$1-Million Gap in Fines for 2 Pornography Cases


The San Fernando Valley's thriving sex industry landed two local residents in court within the last week, one in federal court in Kentucky and the other in Municipal Court here in Los Angeles.

Mark C. Carriere of Encino, considered one of the nation's largest producers and distributors of sexually explicit material, was fined $850,000 by a federal judge last week in Louisville, Ky., where last year he pleaded guilty to four counts of obscenity for shipping his company's videos and magazines through the mail.

The 40-year-old pornographer, who has a history of convictions for obscenity and tax evasion, was also ordered to donate an additional $250,000 to three Louisville-area children's charities by U.S. District Court Judge John Heyburn, who placed him on three years' probation instead of sending him to prison as federal prosecutors had requested. Heyburn also ordered Carriere to perform a total of 2,400 hours of community service, or 800 hours during each year of his probation term.

Carriere's company, Leisure Time Entertainment, is based in his hometown of Merrillville, Ind., and in Van Nuys.

Carriere's lawyer said Wednesday that Leisure Time's tapes and magazines--which he described as hard-core depictions of mainstream sex involving no violence, animals or children--were no different from those found in neighborhood video stores and adult shops throughout much of the nation.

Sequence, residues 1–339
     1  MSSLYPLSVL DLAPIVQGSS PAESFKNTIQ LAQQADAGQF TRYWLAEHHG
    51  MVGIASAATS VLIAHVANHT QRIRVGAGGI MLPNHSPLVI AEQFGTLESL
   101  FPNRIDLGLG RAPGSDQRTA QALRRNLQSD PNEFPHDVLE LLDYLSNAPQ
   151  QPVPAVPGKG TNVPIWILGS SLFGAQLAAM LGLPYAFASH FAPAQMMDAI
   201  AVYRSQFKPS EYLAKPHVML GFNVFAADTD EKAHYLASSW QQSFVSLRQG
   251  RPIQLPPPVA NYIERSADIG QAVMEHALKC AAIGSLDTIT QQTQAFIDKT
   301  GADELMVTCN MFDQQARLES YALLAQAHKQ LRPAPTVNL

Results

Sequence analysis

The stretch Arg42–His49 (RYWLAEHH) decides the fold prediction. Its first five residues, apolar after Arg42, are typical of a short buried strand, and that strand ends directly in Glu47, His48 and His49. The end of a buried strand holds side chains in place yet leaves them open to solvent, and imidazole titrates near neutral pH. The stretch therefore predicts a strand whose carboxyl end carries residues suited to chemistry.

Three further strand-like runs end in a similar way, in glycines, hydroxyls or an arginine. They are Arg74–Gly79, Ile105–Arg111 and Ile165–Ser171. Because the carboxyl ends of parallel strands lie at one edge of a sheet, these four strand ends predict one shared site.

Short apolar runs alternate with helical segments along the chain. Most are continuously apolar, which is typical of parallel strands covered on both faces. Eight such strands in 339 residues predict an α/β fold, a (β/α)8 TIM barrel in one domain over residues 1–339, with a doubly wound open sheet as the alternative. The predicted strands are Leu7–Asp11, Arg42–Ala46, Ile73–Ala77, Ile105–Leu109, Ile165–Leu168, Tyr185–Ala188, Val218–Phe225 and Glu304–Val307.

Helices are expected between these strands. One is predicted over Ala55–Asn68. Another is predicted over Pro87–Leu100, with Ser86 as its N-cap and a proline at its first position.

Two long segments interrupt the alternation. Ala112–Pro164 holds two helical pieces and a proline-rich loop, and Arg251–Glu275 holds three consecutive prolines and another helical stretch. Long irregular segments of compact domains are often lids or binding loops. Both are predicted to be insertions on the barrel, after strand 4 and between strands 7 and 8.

"But within our country there are little enclaves of conservative thinking" that consider such material obscene, said defense lawyer Arthur Schwartz of Denver, Colo.

Schwartz noted that Carriere had been caught in an undercover investigation conducted by the Louisville postal inspector, who ordered the materials from Leisure Time's Indiana headquarters between 1992 and 1993.


Rather than risk the possibility of being convicted by a Louisville jury and facing as much as 42 months in prison and $2.5 million in fines, Schwartz said, Carriere struck a plea bargain that assured him no more than six months in prison. Ultimately, he received no prison time but was ordered to pay an additional $600,000 in fines.

Although the fines levied against Carriere and his company were undoubtedly large, Schwartz said, they were not the biggest ever paid by the pair. In 1992, Carriere and his firm agreed to pay $3.5 million in fines, which his lawyer called a record, after an obscenity conviction in Tallahassee, Fla.

On a far lesser scale, Mitchell Weston of Woodland Hills was fined $1,350 in Los Angeles Municipal Court on Wednesday after he pleaded no contest to filming sex acts at a rented house in the 4900 block of Kelvin Avenue. His company--P.W. Productions, which is also known as Plum Productions--pleaded no contest to stealing city electricity by illegally tapping into a power box and was ordered to reimburse $1,000 to the Department of Water and Power.

Weston, 37, was charged after a neighbor on the quiet Woodland Hills street complained to Councilman Marvin Braude's office about seeing sex acts filmed there. When Los Angeles police arrived last May 4 to investigate, they not only found power cables illegally attached to a DWP power box, but a man and a woman being filmed as they engaged in a sex act on a second-floor balcony.

But unlike Carriere, Weston wasn't convicted of obscenity. His crime--other than stealing the city electricity--was failing to obtain a city filming permit.

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